The Rolling Stones’ career has been far from plain sailing, and they’ve overcome more than their fair share of adversity over their almost 60-year career. In fact, they’ve been written off more times than Mick Jagger has become a father, and on occasion, even he has kicked the boot in on his band.
The longevity of The Stones will never cease to be impressive, but what comes with that omnipresent tag is having to overcome being labelled as yesterday’s news. They have seen swathes of bright young upstarts arrive, and be christened as the hot new band, yet, only for The Rolling Stones to outlive them.
Even towards the end of the ’60s, some people began to question whether The Rolling Stones could keep up with their contemporaries as the swinging sixties drew to a close, and a new generation of kids wanted something fresh from bands. Or at least, that’s what people assumed until The Stones proved them wrong for the first time, but not for the last.
However, it was different almost a decade from their first face-off with hardship, The Stones were firmly on the slide by 1978, and it had started to get to Jagger. The musical landscape was incomparable to the one that they emerged from, they didn’t fit into punk rock, or disco and the blues were firmly out of fashion.
The Stones needed to adapt to change, but they were blighted by well-documented personal problems at this time, too, with Keith Richards’ heroin bust in Toronto throwing his future in the band into question. Their next album had to be a reinvention of sorts after two fairly uninspiring albums in It’s Only Rock ‘n’ Roll and Black and Blue. Their reputation was hanging on by a thread, and they couldn’t afford to slip up.
The reaction to the last two records had riled up Jagger, and Some Girls was an active response to silence their doubters. Ronnie Wood reinvigorated the group, and they dipped their toes into multiple genres across the record, which reconfirmed their relevance.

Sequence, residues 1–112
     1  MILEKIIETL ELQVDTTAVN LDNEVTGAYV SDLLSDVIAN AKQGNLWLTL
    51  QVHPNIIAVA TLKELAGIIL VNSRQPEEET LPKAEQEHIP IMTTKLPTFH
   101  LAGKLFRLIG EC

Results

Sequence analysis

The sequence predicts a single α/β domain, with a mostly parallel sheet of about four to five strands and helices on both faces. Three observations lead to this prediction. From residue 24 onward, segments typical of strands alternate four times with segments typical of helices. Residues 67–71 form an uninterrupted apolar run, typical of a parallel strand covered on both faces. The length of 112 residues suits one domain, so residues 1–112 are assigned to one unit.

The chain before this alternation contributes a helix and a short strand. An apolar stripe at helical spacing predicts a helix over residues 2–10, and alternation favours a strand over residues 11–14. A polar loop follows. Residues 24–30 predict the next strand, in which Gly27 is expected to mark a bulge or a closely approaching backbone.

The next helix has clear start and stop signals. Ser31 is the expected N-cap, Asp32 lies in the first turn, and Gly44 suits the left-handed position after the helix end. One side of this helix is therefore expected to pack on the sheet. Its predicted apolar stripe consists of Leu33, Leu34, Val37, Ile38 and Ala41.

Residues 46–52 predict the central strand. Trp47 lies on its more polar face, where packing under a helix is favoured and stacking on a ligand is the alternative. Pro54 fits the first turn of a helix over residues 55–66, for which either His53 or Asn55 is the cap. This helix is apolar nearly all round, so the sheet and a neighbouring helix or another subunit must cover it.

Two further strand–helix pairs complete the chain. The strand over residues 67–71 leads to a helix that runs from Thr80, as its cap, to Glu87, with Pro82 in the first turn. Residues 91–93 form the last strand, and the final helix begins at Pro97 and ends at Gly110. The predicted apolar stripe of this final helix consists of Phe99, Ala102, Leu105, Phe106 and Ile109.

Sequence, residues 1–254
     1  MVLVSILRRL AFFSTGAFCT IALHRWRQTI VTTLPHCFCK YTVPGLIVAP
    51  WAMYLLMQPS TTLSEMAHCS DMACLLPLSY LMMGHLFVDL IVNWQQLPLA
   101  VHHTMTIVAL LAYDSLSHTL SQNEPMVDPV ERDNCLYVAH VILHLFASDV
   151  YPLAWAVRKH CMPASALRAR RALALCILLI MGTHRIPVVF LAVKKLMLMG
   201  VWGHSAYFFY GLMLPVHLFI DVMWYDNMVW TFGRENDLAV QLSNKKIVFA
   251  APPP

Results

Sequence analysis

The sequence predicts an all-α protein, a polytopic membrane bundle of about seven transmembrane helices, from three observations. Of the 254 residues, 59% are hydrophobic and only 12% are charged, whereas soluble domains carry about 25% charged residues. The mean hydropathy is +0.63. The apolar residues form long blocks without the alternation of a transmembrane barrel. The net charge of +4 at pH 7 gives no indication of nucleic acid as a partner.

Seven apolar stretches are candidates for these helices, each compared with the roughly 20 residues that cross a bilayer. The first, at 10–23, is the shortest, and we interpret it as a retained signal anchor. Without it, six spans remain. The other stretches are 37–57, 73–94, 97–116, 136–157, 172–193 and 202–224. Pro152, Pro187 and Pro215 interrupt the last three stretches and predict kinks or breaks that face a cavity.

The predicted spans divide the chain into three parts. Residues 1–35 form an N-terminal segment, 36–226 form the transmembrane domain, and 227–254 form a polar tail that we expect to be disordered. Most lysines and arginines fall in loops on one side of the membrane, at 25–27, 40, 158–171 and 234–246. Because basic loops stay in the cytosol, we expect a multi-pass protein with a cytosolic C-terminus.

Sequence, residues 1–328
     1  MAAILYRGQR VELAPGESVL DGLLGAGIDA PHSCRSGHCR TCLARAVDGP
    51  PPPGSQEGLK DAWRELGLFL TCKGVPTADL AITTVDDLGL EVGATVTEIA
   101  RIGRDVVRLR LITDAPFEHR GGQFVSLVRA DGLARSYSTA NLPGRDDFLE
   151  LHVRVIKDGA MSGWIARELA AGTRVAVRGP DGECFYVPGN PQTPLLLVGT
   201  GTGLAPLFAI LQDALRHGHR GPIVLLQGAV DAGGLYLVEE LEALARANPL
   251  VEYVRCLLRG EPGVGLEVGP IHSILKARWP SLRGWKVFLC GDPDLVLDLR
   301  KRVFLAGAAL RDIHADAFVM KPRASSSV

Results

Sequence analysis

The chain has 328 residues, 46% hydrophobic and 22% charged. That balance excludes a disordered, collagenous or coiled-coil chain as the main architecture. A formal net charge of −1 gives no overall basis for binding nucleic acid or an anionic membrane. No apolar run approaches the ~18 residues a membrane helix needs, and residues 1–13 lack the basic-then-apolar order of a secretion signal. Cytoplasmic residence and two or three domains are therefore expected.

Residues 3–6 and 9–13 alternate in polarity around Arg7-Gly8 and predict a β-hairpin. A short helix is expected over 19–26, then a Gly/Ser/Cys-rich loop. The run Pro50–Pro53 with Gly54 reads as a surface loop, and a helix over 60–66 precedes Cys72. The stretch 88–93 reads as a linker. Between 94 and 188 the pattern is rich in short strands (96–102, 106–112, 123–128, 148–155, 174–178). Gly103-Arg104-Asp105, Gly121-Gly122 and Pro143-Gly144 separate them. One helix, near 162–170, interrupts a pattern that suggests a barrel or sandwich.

In the press run for the album, however, Jagger was expecting the reaction to the record to be identical to the one they had become accustomed to in recent years. With that in mind, he decided to beat journalists to their criticisms of the record.
Jagger was in a hostile mood when speaking to NBC News in a now-infamous clip. When the interviewer brought up what critics have said about Some Girls, the frontman didn’t let him finish his sentence before he interrupted by saying it “stinks”.
“I think it stinks. Wait until the next one,” Jagger added. He then faced criticism that the album is “racist and sexist”. In response, the singer slurred, “The next one is going to be more racist and more sexist. It’s going to be a whole bunch better.”
Jagger looked inebriated throughout the interview and wasn’t in a stable frame of mind during this period of his life. Despite the unconventional circumstances surrounding its creation, Some Girls resuscitated The Stones’ reputation and showed they had the facilities to move with the times.
It remains possibly the most important album of their career and one which helped forge their legendary status.